Friday, March 27, 2015


My fatigue in working eight consecutive days challenged this, but I'm reminding myself as I write this.  I am content.

My contentment is found in knowing my destiny and our vision revealed in what God has told us and what we trust will come about in seasons ahead.  Without visions and a God-centered destiny, our current set of circumstances would leave us hopeless.  We are the gifted, called and anointed.  None of that has been recanted or rebuked.  We remain the called, gifted and anointed.  Alleluia.

The Lord told me my current occupation shall pass.  This I still believe. While this is true, I'm getting familiar anew with my level of perfectionism.  I can identify it more accurately now days.  My perspective on perfectionism is multifaceted and been imparted to me from many sources over the years.  Perfect accomplishments are virtually impossible, and that frustrates me because I've been taught to strive for them.  Since I believe it isn't obtainable, I'm still held by its grip.  This truly frustrates and angers me.  When I'm tired physically or otherwise, anger arises.

There's no joy or peace in perfectionism.  It can never be satisfied or accomplished.  Since I started working again, this stuff arose in me afresh.  Thankfully, I can recognize it.  I'm still working on alternative actions and feelings when the frustration and anger arises.  One of the keys is to realize I'm not in any labor alone.  I can accomplish tasks, but its not all up to me.  I'm limited by the amount of time and strength every day.  My joy, peace and contentment shouldn't be sacrificed for the sake of fatigue, frustration and anger brought on by unsatisfied perfectionism.

What if my superiors are not happy with me because I didn't accomplish everything I was assigned?  Well, I do my best to accomplish what I can.  There will be accomplishments.  I am capable.  I may not succeed at everything.  How superiors or others react to what isn't fulfilled is up to them.  I'll try my best, but its not worth my contentment in life.  Perfectionism is a myth, not a goal.  It does more harm than good.  I will love God, my neighbor and myself.  Perfectionism is not worth my time if I compromise love.  Alleluia.

Last Saturday, one of the store managers asked me to help him lift a large box into a customer's truck.  I met him outside the store.  The truck was actually a flat-bed trailer.  He told me to tip the box over to the edge of the trailer, lift up the bottom and then slide the box on to the bed.  We succeeded.  As I walked away, I thought, "He taught me something in which I needed teaching."  The thought didn't even finish expression in my mind when, I believe, God told me, "You could teach him about lifting heavy things.  You've carried plenty."  This brought a tear to my eye.  Thank you, Lord.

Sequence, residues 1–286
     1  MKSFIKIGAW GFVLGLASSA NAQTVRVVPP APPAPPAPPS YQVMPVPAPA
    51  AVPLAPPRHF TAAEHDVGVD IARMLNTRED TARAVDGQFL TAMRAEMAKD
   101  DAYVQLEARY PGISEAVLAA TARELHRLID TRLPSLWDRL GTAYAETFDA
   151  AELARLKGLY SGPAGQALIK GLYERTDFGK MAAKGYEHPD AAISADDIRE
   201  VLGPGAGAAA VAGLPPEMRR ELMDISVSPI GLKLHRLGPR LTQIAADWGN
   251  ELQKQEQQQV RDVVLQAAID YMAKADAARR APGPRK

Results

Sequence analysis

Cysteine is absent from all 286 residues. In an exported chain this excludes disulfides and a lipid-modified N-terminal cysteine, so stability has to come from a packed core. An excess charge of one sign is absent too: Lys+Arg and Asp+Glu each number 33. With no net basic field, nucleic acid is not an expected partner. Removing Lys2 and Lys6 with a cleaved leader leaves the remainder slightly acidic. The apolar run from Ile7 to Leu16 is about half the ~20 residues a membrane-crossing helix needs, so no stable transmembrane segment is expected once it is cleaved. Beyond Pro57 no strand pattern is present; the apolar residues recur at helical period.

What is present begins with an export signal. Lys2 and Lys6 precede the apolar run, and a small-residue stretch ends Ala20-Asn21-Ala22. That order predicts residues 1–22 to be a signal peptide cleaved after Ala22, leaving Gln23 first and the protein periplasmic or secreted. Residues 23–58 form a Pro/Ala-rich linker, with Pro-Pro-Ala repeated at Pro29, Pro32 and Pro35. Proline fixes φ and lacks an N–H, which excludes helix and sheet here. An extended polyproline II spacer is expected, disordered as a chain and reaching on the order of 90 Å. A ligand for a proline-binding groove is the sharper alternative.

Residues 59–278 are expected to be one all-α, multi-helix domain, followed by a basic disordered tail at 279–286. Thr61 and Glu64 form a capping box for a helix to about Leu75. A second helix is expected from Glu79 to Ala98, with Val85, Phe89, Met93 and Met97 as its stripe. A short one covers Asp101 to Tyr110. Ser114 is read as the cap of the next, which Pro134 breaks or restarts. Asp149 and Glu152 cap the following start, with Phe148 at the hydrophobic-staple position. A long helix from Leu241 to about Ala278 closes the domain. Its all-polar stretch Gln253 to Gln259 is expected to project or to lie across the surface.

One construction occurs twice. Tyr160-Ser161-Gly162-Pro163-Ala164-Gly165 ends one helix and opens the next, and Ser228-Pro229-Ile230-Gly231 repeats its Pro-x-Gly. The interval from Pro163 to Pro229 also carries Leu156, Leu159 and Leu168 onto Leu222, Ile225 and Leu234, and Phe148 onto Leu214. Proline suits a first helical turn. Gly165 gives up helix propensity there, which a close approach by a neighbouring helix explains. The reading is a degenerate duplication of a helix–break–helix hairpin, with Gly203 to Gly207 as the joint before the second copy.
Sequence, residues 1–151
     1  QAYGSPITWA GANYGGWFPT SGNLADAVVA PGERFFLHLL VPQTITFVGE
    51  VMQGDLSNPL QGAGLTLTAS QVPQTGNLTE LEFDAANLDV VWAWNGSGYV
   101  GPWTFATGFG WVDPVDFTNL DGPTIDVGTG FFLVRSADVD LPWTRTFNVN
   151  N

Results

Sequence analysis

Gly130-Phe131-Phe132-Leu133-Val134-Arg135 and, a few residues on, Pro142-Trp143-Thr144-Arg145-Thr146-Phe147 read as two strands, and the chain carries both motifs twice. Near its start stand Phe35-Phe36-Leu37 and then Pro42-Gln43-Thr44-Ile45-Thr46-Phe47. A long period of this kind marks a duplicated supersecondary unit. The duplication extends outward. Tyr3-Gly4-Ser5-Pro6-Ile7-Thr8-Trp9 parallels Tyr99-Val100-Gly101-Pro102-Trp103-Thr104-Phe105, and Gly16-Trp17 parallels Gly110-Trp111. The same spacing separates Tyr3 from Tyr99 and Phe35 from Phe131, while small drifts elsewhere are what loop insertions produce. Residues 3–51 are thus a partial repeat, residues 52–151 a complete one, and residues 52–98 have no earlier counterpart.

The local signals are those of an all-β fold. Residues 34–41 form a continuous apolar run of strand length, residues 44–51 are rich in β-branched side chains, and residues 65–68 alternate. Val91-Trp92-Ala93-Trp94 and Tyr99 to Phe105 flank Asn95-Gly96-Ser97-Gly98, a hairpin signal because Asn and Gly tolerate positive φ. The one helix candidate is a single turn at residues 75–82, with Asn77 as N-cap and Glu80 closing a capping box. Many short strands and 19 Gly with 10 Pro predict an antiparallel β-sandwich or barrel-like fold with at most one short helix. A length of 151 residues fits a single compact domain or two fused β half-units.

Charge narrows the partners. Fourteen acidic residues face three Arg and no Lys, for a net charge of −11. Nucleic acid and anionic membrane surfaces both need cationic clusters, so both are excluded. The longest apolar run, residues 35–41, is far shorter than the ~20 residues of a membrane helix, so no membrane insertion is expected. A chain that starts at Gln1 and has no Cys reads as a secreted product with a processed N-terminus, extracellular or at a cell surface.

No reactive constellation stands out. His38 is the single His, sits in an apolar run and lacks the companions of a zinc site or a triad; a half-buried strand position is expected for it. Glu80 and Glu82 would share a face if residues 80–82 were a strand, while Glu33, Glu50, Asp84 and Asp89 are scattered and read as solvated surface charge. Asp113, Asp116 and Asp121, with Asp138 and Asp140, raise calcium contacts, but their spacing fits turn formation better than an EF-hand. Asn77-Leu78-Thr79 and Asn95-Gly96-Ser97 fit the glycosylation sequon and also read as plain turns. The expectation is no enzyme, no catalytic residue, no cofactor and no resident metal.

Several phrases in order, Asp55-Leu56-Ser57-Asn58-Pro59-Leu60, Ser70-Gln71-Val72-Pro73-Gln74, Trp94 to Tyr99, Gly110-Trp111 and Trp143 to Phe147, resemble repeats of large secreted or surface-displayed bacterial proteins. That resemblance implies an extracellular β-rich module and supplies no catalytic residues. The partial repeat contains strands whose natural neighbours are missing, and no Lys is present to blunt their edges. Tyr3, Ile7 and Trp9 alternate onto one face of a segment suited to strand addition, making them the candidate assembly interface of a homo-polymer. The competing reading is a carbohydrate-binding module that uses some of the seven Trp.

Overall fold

I saw this quote from Smith Wigglesworth on Facebook:

I see the last day revival that's going to usher in the precious fruit of the earth. It will be the greatest revival this world has ever seen! It's going to be a wave of the gifts of the Spirit. The ministry gifts will be flowing on this planet earth. I see hospitals being emptied out, and they will bring the sick to churches where they allow the Holy Ghost to move.

My contentment is found in knowing my destiny and our vision revealed in what God has told us; what we trust will come about in seasons ahead.  We will steward a place and time of worship where the presence of the Lord will abound to heal, deliver, save, comfort, empower scores of people.  Its our belief it will be a part of what the Lord will fulfill in the earth for all people.

There are plenty of things expressed and believed that challenge contentment.  My Achilles' heal in the past has been versions of perfectionism I've been taught.  Thank God I recognize it.  My contentment is more valuable than pleasing a myth.  The healing and deliverance of scores in Jesus' name thrills me more than being perfect.

I then saw a quote from John Lennon that thrilled me as much as Wigglesworth's quote did.

When I was five years old, my mother always told me that happiness was the key to life.  When I went to school, they asked me what I wanted to be when I grew up.  I wrote down 'happy'.  They told me I didn't understand the assignment, and I told them they didn't understand life.

I understand life.  I am a child of God and happy.  I am at peace and content.  I will do my best in all circumstances.  I realize that won't satisfy everyone, but I will love my God, my neighbor and myself.

The days ahead will be glorious for many who'll encounter a God of grace and glory.  That makes me content.

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